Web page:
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EPISTLE TO THE PHILIPPIANS - Chapter 3 - Verse 18
Verse 18. For many walk. Many live, the Christian life being often in the Scriptures compared with a journey. In order to induce them to imitate those who were the most holy, the apostle says that there were many, even in the church, whom it would not be safe for them to imitate. He evidently here refers mainly to the church at Philippi, though it may be that he meant to make the declaration general, and to say that the same thing existed in other churches. There has not probably been any time yet in the Christian church when the same thing might not be said.
Of whom I have told you often. When he preached in Philippi. Paul was not afraid to speak of church-members when they did wrong, and to warn others not to imitate their example. He did not attempt to cover up or excuse guilt because it was in the church, or to apologize for the defects and errors of those who professed to be Christians. The true way is, to admit that there are those in the church who do not honour their religion, and to warn others against following their example. But this fact does not make religion any the less true or valuable, any more than the fact that there is counterfeit money makes all money bad, or makes genuine coin of no value.
And now tell you even weeping. This is the true spirit with which to speak of the errors and faults of Christians. It is not to go and blazon their inconsistencies abroad. It is not to find pleasure in the fact that they are inconsistent. It is not to reproach religion on that account, and to say that all religion is false and hollow, and that all professors are hypocrites. We should rather speak of the fact with tears; for, if there is any thing that should make us weep, it is, that there are those in the church who are hypocrites, or who dishonour their profession. We should weep,
(1.) because they are in danger of destroying their own souls;
(2.) because they are destined to certain disappointment when they come to appear before God; and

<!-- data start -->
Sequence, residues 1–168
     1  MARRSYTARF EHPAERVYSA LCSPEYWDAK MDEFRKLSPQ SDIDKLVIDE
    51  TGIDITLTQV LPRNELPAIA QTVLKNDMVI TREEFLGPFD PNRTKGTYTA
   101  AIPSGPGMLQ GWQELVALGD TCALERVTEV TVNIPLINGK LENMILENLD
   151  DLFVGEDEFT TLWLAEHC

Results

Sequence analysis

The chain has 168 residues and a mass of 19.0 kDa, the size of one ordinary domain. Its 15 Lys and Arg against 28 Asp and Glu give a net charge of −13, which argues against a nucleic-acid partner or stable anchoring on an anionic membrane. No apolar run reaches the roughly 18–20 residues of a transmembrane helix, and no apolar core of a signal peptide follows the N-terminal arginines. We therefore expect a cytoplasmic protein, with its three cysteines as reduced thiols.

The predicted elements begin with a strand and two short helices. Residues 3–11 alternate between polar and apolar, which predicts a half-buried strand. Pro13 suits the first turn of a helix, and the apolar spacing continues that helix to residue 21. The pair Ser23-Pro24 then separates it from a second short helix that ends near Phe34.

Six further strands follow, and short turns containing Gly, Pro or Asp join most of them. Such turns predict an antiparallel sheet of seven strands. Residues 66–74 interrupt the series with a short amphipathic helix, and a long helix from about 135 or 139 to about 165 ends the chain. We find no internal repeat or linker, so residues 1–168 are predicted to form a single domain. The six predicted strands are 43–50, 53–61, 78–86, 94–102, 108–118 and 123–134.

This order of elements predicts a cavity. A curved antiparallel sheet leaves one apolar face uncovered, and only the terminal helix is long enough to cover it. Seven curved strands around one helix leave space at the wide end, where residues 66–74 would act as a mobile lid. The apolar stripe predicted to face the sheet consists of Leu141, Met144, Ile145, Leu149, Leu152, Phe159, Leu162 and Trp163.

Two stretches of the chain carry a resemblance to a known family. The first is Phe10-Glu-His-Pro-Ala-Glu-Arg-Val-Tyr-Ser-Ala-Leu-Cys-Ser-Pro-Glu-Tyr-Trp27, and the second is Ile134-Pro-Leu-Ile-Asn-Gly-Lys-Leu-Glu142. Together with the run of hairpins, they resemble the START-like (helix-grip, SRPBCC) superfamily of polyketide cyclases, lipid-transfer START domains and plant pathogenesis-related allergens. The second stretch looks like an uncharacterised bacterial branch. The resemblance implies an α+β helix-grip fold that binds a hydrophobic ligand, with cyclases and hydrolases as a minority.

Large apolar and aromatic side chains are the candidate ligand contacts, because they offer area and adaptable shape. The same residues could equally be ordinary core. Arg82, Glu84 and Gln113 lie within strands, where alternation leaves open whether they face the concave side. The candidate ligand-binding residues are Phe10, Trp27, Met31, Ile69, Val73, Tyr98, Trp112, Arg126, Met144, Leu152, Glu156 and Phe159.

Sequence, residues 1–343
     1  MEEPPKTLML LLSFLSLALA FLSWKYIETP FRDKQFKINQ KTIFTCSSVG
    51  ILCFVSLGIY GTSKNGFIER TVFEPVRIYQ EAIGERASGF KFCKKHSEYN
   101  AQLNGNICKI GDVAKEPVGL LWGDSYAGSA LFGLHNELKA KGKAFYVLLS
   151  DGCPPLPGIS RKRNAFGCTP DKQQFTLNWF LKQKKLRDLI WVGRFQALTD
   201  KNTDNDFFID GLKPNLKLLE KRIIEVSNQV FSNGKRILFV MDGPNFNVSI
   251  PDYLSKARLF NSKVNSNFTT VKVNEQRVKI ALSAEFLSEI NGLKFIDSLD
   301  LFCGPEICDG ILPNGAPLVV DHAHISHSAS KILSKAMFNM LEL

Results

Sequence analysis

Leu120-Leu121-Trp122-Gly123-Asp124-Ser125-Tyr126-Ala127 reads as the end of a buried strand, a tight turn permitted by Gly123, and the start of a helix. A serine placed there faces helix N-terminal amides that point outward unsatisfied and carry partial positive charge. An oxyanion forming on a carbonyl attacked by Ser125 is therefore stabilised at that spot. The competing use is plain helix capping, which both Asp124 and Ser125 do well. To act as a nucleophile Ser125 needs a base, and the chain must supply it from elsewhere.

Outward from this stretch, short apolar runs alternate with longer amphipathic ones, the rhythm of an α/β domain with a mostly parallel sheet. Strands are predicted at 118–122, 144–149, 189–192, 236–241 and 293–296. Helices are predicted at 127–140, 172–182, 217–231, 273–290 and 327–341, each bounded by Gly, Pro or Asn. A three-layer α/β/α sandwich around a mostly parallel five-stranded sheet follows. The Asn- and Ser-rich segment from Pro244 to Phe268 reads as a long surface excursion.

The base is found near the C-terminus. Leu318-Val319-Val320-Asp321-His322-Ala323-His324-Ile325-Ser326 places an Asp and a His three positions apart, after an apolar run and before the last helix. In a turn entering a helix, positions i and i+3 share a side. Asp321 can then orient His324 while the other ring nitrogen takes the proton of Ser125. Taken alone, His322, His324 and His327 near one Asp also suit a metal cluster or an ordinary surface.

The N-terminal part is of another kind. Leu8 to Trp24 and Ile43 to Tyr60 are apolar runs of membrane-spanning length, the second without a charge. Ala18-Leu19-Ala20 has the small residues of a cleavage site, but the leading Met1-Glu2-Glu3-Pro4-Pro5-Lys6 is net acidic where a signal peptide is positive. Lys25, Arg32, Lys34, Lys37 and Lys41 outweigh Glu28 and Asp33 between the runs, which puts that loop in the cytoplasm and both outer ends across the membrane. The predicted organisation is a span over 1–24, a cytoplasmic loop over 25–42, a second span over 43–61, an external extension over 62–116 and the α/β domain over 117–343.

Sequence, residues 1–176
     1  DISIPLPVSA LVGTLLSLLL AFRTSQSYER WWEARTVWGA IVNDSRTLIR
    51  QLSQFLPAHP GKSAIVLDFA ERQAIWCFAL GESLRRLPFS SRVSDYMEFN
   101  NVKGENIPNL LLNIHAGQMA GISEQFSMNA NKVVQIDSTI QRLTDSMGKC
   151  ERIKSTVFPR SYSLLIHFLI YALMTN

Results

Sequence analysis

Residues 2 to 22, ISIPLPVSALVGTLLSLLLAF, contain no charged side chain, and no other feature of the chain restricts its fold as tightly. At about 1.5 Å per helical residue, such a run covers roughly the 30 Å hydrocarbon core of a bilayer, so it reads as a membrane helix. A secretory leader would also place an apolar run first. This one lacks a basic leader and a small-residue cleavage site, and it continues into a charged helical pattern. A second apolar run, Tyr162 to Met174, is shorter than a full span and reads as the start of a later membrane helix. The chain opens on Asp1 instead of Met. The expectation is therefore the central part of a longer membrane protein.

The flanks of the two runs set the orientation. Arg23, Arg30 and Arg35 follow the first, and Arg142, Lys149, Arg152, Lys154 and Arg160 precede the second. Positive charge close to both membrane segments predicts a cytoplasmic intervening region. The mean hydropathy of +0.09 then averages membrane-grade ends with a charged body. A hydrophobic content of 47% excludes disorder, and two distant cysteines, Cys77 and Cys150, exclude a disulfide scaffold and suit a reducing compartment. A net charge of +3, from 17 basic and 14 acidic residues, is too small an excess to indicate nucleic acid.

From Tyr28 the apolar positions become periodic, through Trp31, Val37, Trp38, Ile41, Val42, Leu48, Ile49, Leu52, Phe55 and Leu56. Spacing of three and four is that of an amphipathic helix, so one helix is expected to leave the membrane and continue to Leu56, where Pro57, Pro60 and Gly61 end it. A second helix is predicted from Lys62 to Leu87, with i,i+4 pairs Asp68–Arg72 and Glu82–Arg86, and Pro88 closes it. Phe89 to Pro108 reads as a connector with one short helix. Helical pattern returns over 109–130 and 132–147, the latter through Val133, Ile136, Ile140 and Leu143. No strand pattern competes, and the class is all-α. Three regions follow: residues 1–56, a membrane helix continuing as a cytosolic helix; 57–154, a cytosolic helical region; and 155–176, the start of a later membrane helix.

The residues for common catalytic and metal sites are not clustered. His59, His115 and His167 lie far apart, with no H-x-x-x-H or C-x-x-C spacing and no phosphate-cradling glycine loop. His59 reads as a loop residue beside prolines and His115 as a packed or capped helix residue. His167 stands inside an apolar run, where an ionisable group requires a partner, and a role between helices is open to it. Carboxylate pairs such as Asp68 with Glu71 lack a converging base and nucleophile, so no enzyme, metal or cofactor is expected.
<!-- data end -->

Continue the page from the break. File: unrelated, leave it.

(3.) because they injure the cause of religion, and give occasion to the "enemies of the Lord to speak reproachfully." He who loves religion will weep over the inconsistencies of its friends; he who does not will exult and triumph.
That they are the enemies of the cross of Christ. The "cross" was the instrument of death on which the Redeemer died to make atonement for sin. As the atonement made by Christ for sin is that which peculiarly distinguishes his religion from all others, the "cross" comes to be used to denote his religion; and the phrase here means, that they were the enemies of his religion, or were strangers to the gospel. It is not to be supposed that they were open and avowed enemies of the cross or that they denied that the Lord Jesus died on the cross to make an atonement. The characteristic of those persons mentioned in tile following verse is, rather, that they were living in a manner which showed that they were strangers to his pure gospel. An immoral life is enmity to the cross of Christ; for he died to make us holy. A life where there is no evidence that the heart is renewed is enmity to the cross; for he died that we might be renewed. They are the enemies of the cross, in the church,
(1.) who have never been born again;
(2.) who are living in the indulgence of known sin;
(3.) who manifest none of the peculiarities of those who truly love him;
(4.) who have a deeper interest ill worldly affairs than they have in the cause of the Redeemer;
(5.) whom nothing can induce to give up their worldly concerns when God demands it;
(6.) who are opposed to all the peculiar doctrines of Christianity; and
(7.) who are opposed to all the peculiar duties of religion, or who live in the habitual neglect of them. It is to be feared that at all times there are such enemies of the cross in the church, and the language or, the apostle implies that it ks a proper subject of grief and tears. He wept over it, and so should we. It is from this cause that so much injury is done to the true religion in the world. One secret enemy in a camp may do more harm than fifty men who are open foes; and a single unholy or inconstant member in a church may do much more injury than many men who are avowedly opposed to religion. It is not by infidels, and scoffers, and blasphemers, so much, that injury is done to the cause of religion; it is by the unholy lives of its professed friends—the worldliness, inconsistency, and want of the proper spirit of religion, among those who are in the church. Nearly all the objections that are made to religion are from this quarter; and if this objection, were taken away, the religion of Christ would soon spread its triumphs around the globe.
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